Community newspapers are often a reflection of the town they cover. The Fort Worth Star-Telegram, for instance, plays on that city’s western heritage and has for years appeared to be much more of a community newspaper than its cross-Metroplex rival The Dallas Morning News. Likewise, the stories, photos and opinions expressed on the pages of the Bulletin are uniquely reflective of this area rather than a similar-sized town such as Stephenville or Waxahachie.
Over the past 108 years, as people have wanted to learn about our area, its people, businesses, organizations and activities, they’ve been able to pick up a copy of the Bulletin and get a pulse of the area. Since 1999 they’ve also been able to do so online with the paper’s Web site. Earlier this year, we added another dimension to the site when we opened our stories and columns up to reader comments. That provided another window into the mindset of the community.
However, anyone who has gone online to learn more about the goings-on here, and tried to glean the public’s mindset by reading their comments would probably be a little alarmed about our community. Not only are an overwhelming number of the posts anonymous, but they tend very quickly to jump into attack mode - toward government officials, the media, civic groups and other posters. Rather than creating any type of a dialogue, the comments tend to tear down - the exception being memorials posted for obituaries.
Brownwood isn’t the only town that has message boards that lean to the negative. Both San Angelo and Abilene’s newspapers are addressing the tone of comments on their sites. Our own community had a site a couple years back that fostered a great deal of controversy because of the negative postings. Maybe that’s where we are as a society - unwilling to accept another viewpoint and negative, critical and mean in crushing anyone who might express one.
One of the initial lessons taught in the Dale Carnegie program is the importance of relationships, and how to strengthen them. The first principle outlined in the book “Pathways to Success” as a fundamental rule for handling people is, “Don’t criticize, condemn or complain.” That doesn’t mean to ignore mistakes or problems, Carnegie says in the book, but instead seek to understand people. From radio and cable TV talk shows to the comments posted on ours and other Web sites, it’s obvious we don’t seek to understand, but rather tear down.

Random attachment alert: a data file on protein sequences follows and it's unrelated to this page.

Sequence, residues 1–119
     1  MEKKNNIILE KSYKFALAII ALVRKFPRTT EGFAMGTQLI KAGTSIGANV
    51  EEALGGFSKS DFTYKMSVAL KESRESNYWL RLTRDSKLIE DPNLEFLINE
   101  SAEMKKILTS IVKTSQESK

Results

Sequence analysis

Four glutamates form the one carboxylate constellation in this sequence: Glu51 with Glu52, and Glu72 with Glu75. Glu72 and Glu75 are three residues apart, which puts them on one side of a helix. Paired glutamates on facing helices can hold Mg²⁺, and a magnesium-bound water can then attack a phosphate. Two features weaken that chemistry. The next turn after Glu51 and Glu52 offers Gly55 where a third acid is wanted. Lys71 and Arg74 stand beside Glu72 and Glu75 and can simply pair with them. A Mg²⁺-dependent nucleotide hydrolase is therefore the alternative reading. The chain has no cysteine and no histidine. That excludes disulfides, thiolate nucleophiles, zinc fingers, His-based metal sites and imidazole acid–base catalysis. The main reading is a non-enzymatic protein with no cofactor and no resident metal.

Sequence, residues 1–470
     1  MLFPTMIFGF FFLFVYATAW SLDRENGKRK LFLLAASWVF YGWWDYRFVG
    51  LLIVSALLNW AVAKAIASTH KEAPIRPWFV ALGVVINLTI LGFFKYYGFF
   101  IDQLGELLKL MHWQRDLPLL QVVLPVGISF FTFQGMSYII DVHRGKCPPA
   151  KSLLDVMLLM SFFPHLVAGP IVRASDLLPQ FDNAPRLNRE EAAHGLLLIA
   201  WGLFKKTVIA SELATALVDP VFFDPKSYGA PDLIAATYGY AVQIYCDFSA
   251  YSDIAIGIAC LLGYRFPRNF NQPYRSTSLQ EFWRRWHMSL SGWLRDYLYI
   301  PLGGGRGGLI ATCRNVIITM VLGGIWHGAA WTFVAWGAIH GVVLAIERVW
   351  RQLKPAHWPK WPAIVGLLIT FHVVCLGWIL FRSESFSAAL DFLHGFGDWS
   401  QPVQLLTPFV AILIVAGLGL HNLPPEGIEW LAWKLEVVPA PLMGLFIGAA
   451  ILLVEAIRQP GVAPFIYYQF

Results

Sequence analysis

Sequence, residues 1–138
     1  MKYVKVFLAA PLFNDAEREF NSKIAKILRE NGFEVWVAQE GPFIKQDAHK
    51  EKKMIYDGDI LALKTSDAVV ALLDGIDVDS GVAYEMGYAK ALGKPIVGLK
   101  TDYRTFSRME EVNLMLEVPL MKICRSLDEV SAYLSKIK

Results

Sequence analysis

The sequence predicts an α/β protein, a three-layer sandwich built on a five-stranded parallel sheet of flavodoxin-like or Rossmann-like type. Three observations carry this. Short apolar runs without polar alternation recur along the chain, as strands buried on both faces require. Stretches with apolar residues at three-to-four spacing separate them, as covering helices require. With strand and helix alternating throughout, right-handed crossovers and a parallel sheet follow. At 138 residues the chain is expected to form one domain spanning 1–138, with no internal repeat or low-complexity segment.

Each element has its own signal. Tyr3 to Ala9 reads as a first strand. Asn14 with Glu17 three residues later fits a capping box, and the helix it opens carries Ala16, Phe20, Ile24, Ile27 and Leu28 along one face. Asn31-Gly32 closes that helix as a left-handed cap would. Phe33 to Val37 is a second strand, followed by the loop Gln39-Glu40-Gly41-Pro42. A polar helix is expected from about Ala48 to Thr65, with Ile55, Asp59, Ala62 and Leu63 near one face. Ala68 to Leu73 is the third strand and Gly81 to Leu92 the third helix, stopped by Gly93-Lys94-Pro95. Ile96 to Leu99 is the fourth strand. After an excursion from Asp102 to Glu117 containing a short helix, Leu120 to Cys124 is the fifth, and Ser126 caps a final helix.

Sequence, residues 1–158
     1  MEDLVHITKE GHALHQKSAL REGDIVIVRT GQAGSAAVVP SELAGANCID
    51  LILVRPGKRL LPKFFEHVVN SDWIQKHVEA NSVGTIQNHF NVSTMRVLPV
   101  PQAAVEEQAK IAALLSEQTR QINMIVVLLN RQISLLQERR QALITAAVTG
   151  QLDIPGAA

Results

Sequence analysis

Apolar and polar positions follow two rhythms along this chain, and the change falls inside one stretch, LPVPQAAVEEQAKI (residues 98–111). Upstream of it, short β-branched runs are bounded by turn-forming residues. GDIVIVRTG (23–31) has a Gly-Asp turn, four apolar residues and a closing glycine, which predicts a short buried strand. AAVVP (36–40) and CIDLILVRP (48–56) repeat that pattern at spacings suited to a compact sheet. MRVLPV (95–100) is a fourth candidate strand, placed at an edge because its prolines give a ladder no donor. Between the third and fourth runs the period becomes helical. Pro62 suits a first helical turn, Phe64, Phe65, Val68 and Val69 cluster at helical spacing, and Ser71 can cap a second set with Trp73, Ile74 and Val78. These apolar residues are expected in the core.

Some have suggested that it is naïve to think that online readers can create a meaningful dialogue and engage in community journalism - offering stories and opinion pieces about things that are important to them. A quick check of the Bulletin’s community journalism page shows no entries.
The story comments, though, are another matter. We get plenty of those and do our best to make sure that they are at least somehow related to the story they are commenting about, without crossing the line of what’s allowed legally or in good taste. Some other suggestions I have to offer our commentators are:
1. Keep it clean.
2. Don't threaten to hurt or kill anyone.
3. Be truthful. Don't lie about anyone or anything.
4. Be nice. No racism, sexism or any other sort of -ism that degrades another person.
5. Keep it local. Do not post direct links to sites outside of our online newspaper.
6. Share what you know. Give us your eyewitness accounts, background, observations and history.
7. Ask questions. What more do you want to know about the story?
8. Stay focused. Keep on the story's topic.
9. Help us get it right. If you find a factual error or misspelling, e-mail me directly at firstname.lastname@example.org.
Is my plea going to change the way an anonymous public chooses to treat one another? I know that it won’t, but maybe my words - or Dale Carnegie’s - will hit home with someone. When we attack each other, we’re sending the message to everyone with Internet access that we’re a community that cannot get along. We may not all see eye-to-eye, but I bet we have more in common than we let on with our postings.
Bill Crist is associate publisher and general manager of the Brownwood Bulletin. His column appears on Wednesday. He may be reached by e-mail at bill.crist@